with her that he had crossed her hand with, and got up again on his horse.

As we were riding away, Sir Roger told me, that he knew several sensible people who believed these gipsies now and then foretold very strange things; and for half an hour together appeared more jocund than ordinary. In the height of his good-humor, meeting a common beggar on the road who was no conjurer, as he went to relieve him he found his pocket was picked; that being a kind of Palmistry at which this race of vermin are very dexterous.

I might here entertain my reader with historical remarks on this idle profligate people, who infest all the countries of Europe, and live in the midst of governments in a kind of Commonwealth by themselves. But instead of entering into observations of this nature, I shall fill the remaining part of my paper with a story which is still fresh in Holland, and was printed in one of our monthly accounts, about twenty years ago. “As the Trekschuyt or Hackney-boat which carries passengers from Leyden to Amsterdam, was putting off, a boy running along the side of the canal desired to be taken in, which the master refused, because the lad had not quite money enough to pay his fare. An eminent merchant, being pleased with the looks of the boy, and secretly touched with compassion towards him, paid the money for him, and ordered him to be taken on board. Upon talking with him afterwards, he found that he could speak readily in three or four languages, and learned upon further examination that he had been stolen away when he was a child by a gipsy, and had rambled ever since with a gang of those strollers up and down several parts of Europe. It happened that the merchant, whose heart seems to have inclined towards the boy by a secret kind of instinct, had himself lost a child some years before. The parents, after a long search for him, gave him for drowned in one of the canals with which that country abounds; and the mother was so afflicted at the loss of a fine boy, who was her only son, that she died for grief of it. Upon laying together all particulars, and examining the several moles and marks by which the mother used to describe the child when he was first missing, the boy proved to be the son of the merchant whose heart had so unaccountably melted at the sight of him. The lad was very well pleased to find a father who was so rich, and likely to leave him a good estate; the father, on the other hand, was not a little delighted to see a son return to him, whom he had given for lost, with such a strength of constitution, sharpness of understanding, and skill in languages." Here the printed story leaves off; but if I may give credit to reports, our linguist, having received such extraordinary rudiments towards a good education, was afterwards trained up in everything that becomes a gentleman ; wearing off, by little and little, all the vicious habits and practices that he had been used to in the course of his peregrinations : nay, it is said, that he has since been employed in foreign courts upon national business, with great reputation to himself and honor to those who sent him, and that he has visited several countries as a public minister, in which he formerly wandered as a gipsy.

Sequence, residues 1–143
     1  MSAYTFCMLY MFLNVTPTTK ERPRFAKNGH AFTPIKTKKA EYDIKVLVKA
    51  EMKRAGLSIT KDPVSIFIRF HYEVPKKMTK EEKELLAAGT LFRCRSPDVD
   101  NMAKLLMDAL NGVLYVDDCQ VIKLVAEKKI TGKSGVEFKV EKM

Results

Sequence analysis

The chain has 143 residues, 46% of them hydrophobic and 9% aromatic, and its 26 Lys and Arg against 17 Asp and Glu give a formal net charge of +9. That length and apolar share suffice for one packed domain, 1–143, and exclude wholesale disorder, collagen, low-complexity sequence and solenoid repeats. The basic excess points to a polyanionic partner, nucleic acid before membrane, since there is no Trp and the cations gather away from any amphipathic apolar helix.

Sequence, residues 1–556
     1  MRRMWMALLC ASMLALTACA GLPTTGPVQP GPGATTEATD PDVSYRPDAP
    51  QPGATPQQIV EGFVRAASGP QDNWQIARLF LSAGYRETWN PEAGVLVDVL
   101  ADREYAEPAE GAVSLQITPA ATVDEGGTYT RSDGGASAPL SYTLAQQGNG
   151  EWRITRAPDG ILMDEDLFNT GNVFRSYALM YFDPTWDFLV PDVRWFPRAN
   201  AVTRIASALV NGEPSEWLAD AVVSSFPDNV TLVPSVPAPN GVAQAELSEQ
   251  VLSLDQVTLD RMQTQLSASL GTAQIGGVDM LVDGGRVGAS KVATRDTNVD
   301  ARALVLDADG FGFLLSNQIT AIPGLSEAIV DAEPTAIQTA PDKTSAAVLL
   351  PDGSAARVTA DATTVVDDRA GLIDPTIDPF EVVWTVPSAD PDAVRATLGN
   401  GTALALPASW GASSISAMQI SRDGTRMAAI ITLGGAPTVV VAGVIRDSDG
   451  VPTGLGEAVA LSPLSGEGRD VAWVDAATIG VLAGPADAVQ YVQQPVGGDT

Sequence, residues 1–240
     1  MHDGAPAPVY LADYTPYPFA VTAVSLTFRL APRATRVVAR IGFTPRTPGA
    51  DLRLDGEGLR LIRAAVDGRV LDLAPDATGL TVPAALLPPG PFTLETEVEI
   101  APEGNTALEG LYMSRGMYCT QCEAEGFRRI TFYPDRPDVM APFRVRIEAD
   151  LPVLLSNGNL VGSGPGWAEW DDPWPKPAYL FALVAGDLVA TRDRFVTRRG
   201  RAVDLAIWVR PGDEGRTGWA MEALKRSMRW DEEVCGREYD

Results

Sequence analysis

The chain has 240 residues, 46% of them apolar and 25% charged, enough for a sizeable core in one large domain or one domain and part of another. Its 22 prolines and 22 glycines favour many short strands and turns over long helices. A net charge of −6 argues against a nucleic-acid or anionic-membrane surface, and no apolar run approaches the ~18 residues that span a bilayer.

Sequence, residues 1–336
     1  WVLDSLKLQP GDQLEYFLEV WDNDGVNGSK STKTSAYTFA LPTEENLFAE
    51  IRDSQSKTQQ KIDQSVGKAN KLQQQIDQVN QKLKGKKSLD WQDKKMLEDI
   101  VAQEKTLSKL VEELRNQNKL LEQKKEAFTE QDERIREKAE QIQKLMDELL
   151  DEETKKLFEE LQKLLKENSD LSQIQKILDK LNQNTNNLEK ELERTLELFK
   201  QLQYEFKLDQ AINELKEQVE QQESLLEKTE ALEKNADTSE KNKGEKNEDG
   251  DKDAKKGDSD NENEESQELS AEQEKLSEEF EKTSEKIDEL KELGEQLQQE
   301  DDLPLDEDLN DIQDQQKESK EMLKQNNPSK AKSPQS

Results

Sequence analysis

SIR ROGER'S VISIT TO THE TOMBS IN

WESTMINSTER ABBEY.

My friend Sir Roger de Coverley told me t'other night,

that he had been reading my paper upon Westminster Abbey, in which, says he, there are a great many ingenious fancies. He told me, at the same time, that he observed I had promised another paper upon the tombs, and that he should be glad to go and see them with me, not having visited them since he had read history. I could not imagine how this came into the knight's head, till I recollected he had been very busy all last summer upon Baker's Chronicle, which he has quoted several times in his disputes with Sir Andrew Freeport, since his last coming to town. Accordingly, I promised to call upon him the next morning, that we might go together to the abbey.

I found the knight under his butler's hands, who always shaves him. He was no sooner dressed, than he called for a glass of the Widow Truby's Water, which he told me he always

drank before he went abroad. He recommended me to à dram of it at the same time, with so much heartiness, that I could not forbear drinking it. As soon as I had got it